News & Updates

900,000 Irish workers have no pension for their old age

Date Posted: 07.05.2015

Public sector pensions in this country are considered among the most generous in the EU. But try telling that to a public servant, be they a civil service mandarin, a teacher or a nurse.

A senior official in the Department of Public Expenditure and Reform conceded that her colleagues across the sector do not understand just how valuable a perk their pensions are.

Take a teacher on point 20 of the pay scale who earns €52,472, according to the ASTI union.

With full service this person can retire on around €25,000, and get a tax-free lump sum of €77,000. It is not riches, but it is very generous by private sector terms.

A principal officer on €85,700 will get an annual pension of around €41,000, when account is taken of the 4pc public service pension reduction measure.

No wonder then that these unfunded defined-benefit schemes have been called gold-plated.

Yet some 900,000 workers in the private sector have no pension, other than the State contributory older age pension to look forward to in retirement.

And with an expected drop in the numbers in work, and a rise in those in retirement, it is unlikely that the State contributory pension will still be a relatively generous €12,000 a year in years to come.

The Government is still promising to introduce some kind of auto-enrolment pension scheme for those with no private sector pension provision.

But, as yet, all we have had is promises.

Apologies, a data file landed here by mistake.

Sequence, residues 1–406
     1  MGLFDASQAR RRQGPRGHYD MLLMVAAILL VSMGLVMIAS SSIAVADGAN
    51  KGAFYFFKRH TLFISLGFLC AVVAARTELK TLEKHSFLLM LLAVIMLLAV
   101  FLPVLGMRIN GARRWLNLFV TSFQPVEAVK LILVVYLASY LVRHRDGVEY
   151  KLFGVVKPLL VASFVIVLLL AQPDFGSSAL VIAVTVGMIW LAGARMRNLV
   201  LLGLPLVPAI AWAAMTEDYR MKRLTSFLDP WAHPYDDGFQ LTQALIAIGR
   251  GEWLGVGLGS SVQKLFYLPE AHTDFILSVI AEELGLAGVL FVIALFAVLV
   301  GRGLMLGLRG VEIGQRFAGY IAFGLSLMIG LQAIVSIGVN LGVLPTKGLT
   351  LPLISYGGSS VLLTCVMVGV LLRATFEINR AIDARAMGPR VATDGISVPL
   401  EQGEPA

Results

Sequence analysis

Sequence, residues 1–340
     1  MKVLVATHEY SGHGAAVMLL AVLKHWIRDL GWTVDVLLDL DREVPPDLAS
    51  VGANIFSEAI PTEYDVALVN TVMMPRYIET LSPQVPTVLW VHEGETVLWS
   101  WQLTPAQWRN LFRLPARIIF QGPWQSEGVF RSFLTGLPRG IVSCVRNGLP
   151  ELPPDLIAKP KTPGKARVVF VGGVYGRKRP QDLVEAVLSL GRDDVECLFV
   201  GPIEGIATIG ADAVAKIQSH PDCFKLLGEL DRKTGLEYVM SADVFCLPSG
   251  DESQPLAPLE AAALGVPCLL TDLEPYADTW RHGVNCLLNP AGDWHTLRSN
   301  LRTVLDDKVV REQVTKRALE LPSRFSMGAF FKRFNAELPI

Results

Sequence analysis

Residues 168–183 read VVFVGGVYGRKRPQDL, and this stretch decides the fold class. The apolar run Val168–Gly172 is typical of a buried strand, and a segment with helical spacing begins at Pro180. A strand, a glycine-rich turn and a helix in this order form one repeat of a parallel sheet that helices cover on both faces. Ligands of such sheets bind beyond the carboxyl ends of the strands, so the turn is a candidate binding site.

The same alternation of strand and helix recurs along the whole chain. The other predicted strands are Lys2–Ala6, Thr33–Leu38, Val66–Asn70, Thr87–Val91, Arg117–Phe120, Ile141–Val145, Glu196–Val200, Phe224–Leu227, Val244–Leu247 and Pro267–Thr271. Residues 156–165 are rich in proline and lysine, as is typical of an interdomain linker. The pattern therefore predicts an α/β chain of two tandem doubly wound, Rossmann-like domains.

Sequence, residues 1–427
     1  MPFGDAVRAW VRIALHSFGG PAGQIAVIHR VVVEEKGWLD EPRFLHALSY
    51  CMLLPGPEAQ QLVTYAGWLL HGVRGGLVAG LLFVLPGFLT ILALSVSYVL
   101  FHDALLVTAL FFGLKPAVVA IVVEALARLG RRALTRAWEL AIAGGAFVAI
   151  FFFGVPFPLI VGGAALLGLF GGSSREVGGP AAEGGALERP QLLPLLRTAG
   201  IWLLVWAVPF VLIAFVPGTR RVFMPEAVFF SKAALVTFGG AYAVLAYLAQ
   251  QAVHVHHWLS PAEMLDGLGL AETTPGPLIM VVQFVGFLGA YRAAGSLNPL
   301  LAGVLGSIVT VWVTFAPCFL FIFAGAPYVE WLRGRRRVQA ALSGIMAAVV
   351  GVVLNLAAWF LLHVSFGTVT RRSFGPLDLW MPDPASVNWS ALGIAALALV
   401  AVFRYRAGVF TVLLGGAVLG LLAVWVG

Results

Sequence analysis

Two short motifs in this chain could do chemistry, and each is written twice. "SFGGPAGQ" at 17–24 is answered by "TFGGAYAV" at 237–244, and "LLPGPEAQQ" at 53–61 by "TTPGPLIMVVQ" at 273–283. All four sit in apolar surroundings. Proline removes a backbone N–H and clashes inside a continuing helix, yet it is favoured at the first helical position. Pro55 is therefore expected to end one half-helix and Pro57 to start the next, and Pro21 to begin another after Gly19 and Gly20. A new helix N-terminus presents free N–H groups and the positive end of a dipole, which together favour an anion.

Then there is the fact large numbers of defined benefit schemes in the private sector - the ones that used to guarantee a certain level of pension based on final salary and years of service - are disappearing fast.

Most of those that remain have cut the pension benefits for those yet to retire and upped the contribution levels, and closed them off to new members.

Even Aer Lingus pensioners, once semi-state employers, fear a 50pc cut in their retirement payments once the scheme is restructured.

All of this means that the €1bn a year being stumped up by taxpayers to fund the annual shortfall in generous public sector pensions is contentious.

This will become even more contentious when the unions enter talks with the Government next year seeking a reduction in the unpopular pensions levy as well as pay rises.

The problem is that the pensions levy is a temporary "emergency" measure that is open to legal challenge.

Major changes are being introduced in Britain to make public sector pensions there more sustainable. It would be only fair to have similar reform here in return for reducing the levy.

But just don't bet on it with an election coming down the road.

source: Irish Independent


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